The academic debates about nature vs. nurture that I learned about in college are not abstract in my life, nor in the lives of my son and family. These genetic failures are double edged. My genetic abnormalities are one part of the equation that caused this terminal disease for my son. In turn my son now lives with the consequences of these genetic traits.
Watching my son Ian-Connor grow from a child to a young adult has also shown me how he overcomes his genetic predispositions that have shaped his life. He can rightly declare that many of his choices in his live have been predetermined based upon his genetic gestalt.
Although I believe there is merit and truth in the maxim “we are born this way” and genetically predisposed from nature with deep and immoveable boundaries and characteristics; nevertheless my perspective has expanded to embrace the possibility that despite the genetic alimonies that may affect our lives we can be more and we can make choices that change the course of our lives.
This perspective was greatly influenced by the research of Psychologist and Stanford University Professor Carol Dweck’s who identified two mindsets: fixed versus growth.
Her research suggests that people with fixed mindsets believe things such as intelligence, character and creative ability are innate and immutable. In other words, no matter how much they study or how much effort they exert, they’re pretty much stuck with the cards they’ve been dealt. Because people with fixed mindsets believe their potential is capped, they avoid challenges that test their abilities.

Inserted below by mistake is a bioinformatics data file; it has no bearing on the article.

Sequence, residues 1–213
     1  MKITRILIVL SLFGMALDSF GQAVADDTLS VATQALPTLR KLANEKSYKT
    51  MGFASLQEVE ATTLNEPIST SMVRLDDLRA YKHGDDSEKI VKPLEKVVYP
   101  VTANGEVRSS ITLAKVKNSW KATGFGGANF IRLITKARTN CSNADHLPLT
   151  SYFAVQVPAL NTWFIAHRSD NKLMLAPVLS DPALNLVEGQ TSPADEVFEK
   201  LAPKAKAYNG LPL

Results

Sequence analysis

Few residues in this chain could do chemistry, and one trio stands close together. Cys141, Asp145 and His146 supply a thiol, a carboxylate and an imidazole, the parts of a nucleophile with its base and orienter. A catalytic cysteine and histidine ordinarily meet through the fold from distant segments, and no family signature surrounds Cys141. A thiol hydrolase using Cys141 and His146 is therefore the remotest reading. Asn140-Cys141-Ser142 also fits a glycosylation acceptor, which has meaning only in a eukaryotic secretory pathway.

On the other hand, people with a growth mindset believe the brain is a muscle that can grow, and abilities are assets to be nurtured through hard work. People with growth mindsets believe that what they are born with are raw materials-a launching point. As a result, they thrive on challenges.
At the core of a growth mindset on talent is neuroplasticity — the ability of the brain to reorganize itself with learning. It requires not just working at what you know, but pushing past into areas that stretch your knowledge and skills. A favorite quote of Dweck’s: “Anyone who’s never made a mistake has never tried anything new.”
“A fixed mindset doesn’t tell you what to do next,” said Dweck. “It provides no recipe for recovering from failures,” which makes it tough to take on new challenges where stumbling is possible or even likely.
It is fortunate that mindset is not a genetic attribute. In is within the realm on phycology and personal choice.
We may be born with a genetic traits and those predisposition may be failures, as compared to the typical and normal genome. I believe the final frontier of human existence is both a biological revolution that includes physiology and a cognitive realignment of what is possible.
What I have learned is that the capacity of the human spirit can create new pathways around, over and through these barriers. We may have genetic failures and even environmental failures. All of these factors do not predict or doom you to a life within the framework of your limitations. You can break out and like any other failure, a genetic failure when interpreted correctly can be used to build yourself beyond what you and others might think are your limitations.
In 2017 our son graduated from high school and then two days later left home to work for the summer at Boy Scout camp. Worried? Yes. Excited about what he can and will learn about himself? Yes!